Eight suspected militants linked to so-called Islamic State (IS) have been freed from jail in the Philippines in an apparently "staged raid".
Police said at least 20 fighters from the Maute group had turned up at the Lanao del Sur jail in the southern city of Marawi, but no shots had been fired.
A military source told the BBC they believed the men had been allowed to escape.
The militants were held last week after being caught with homemade mortars.
At least 15 other inmates - who faced murder and drugs charges - also walked free, but it is not clear whether this was agreed.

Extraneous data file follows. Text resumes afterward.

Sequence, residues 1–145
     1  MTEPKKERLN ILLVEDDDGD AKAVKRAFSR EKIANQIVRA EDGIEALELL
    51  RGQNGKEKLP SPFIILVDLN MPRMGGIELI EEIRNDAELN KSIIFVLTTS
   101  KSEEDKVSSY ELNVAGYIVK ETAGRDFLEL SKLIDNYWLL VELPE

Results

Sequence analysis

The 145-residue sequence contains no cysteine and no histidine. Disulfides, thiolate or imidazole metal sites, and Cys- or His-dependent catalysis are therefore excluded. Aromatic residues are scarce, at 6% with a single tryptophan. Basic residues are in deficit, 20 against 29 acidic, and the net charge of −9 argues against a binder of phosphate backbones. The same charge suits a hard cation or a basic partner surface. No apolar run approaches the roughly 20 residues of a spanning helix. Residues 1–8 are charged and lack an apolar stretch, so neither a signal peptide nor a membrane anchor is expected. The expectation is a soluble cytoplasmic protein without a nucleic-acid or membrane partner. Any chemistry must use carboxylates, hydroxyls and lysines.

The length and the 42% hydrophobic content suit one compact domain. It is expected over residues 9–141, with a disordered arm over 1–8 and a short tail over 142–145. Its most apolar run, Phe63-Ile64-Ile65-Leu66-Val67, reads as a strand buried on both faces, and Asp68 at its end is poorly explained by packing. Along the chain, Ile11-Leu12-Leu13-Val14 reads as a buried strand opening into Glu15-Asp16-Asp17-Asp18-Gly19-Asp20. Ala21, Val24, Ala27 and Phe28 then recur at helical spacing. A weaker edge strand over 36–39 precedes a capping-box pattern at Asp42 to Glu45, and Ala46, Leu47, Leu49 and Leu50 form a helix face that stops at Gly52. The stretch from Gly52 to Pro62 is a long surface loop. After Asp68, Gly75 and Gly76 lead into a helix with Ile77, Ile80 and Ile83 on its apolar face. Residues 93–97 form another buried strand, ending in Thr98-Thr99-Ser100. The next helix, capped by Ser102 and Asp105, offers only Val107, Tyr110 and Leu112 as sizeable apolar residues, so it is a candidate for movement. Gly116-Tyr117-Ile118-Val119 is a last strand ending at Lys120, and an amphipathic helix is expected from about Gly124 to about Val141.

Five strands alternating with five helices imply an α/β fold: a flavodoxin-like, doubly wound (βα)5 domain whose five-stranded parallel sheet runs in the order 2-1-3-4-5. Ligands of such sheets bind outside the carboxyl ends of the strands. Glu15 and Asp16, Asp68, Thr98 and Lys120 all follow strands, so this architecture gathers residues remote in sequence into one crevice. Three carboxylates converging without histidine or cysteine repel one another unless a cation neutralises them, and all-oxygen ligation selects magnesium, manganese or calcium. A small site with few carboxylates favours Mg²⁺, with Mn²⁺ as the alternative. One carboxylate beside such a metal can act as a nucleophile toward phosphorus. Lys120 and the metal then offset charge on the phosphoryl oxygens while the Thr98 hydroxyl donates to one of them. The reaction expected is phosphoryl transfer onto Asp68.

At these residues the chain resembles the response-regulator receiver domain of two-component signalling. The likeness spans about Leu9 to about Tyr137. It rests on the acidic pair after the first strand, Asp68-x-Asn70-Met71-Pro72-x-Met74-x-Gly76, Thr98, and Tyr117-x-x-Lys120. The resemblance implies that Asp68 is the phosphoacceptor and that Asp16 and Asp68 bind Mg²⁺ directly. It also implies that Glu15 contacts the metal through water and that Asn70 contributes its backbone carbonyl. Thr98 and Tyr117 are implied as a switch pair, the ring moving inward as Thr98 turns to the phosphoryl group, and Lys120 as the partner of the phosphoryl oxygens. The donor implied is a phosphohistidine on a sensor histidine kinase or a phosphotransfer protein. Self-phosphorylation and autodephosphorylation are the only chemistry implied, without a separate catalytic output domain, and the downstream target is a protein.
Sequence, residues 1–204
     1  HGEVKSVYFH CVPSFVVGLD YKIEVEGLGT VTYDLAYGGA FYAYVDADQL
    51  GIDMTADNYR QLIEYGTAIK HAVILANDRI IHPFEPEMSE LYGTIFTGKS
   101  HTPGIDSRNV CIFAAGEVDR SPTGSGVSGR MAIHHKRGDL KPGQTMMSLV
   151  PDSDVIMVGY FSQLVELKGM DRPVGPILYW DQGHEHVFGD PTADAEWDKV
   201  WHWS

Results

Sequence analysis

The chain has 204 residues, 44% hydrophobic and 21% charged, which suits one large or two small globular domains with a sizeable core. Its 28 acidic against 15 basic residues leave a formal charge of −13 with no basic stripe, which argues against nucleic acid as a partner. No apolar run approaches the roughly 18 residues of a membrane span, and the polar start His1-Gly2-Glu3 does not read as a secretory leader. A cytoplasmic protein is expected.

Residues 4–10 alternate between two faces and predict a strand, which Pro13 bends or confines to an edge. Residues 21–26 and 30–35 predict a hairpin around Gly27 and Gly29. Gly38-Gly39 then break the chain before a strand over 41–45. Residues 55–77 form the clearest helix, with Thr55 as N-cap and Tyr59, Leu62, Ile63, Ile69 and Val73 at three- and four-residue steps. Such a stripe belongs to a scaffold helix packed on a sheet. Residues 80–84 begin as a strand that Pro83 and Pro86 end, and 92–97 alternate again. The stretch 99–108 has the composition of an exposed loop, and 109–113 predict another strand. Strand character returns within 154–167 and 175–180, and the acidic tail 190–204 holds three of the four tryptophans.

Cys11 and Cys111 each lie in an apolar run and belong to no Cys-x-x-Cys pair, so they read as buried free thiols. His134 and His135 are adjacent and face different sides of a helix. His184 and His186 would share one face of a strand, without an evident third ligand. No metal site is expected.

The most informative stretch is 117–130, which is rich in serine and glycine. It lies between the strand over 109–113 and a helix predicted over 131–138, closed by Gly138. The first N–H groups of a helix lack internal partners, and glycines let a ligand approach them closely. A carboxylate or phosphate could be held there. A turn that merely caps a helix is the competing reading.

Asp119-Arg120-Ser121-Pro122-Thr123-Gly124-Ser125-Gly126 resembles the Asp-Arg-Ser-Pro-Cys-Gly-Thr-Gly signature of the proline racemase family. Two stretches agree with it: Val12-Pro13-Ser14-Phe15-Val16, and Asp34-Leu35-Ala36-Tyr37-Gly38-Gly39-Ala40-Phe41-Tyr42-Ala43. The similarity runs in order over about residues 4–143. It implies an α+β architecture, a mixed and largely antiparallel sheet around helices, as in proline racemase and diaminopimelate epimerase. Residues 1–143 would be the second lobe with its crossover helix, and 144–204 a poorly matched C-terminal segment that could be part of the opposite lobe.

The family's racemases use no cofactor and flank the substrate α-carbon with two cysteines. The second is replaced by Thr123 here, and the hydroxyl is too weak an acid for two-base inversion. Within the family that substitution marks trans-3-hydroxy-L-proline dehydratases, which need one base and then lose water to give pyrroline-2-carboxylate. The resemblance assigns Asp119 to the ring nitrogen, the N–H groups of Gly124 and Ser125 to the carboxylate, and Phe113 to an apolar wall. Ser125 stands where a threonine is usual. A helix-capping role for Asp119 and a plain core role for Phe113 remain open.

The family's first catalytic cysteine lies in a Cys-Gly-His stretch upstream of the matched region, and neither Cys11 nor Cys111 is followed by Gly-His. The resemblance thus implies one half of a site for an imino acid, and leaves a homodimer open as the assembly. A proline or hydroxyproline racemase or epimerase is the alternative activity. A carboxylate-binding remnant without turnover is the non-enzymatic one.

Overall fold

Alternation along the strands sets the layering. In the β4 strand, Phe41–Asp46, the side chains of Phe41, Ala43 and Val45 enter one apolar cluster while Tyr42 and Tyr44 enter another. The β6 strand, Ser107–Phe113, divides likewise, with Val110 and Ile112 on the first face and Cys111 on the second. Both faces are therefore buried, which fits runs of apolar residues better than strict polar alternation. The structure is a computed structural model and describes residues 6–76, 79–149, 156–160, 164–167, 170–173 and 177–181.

The Maute group has carried out several bombings and kidnappings in the southern Mindanao region.
The Philippines has faced Muslim separatist movements for decades in Mindanao, which has a significant Muslim population - the Philippines is mainly Catholic.
The Maute group carries the black flag and insignia of IS, and has attacked army troops, beheaded a soldier and beheaded two local workers earlier this year.
The militants kidnapped the two workers and made them wear orange shirts similar to those worn by IS beheading victims before they were killed.
Several armed groups in the Philippines have pledged allegiance to IS, although the country's military says there is no evidence of active co-operation with foreign militants.